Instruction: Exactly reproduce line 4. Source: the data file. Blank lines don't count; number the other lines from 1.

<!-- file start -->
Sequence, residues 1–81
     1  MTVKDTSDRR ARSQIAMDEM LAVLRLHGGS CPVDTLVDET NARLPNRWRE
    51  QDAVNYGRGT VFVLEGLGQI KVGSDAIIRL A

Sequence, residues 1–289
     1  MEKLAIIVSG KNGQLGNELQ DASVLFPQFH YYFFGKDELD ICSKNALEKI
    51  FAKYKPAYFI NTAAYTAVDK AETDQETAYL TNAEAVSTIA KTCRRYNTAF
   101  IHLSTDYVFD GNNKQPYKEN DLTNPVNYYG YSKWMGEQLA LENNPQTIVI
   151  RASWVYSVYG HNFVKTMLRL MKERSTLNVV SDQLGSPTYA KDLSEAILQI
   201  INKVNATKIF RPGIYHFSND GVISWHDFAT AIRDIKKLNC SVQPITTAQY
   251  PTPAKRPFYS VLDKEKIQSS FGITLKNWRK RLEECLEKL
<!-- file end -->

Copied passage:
Sequence, residues 1–289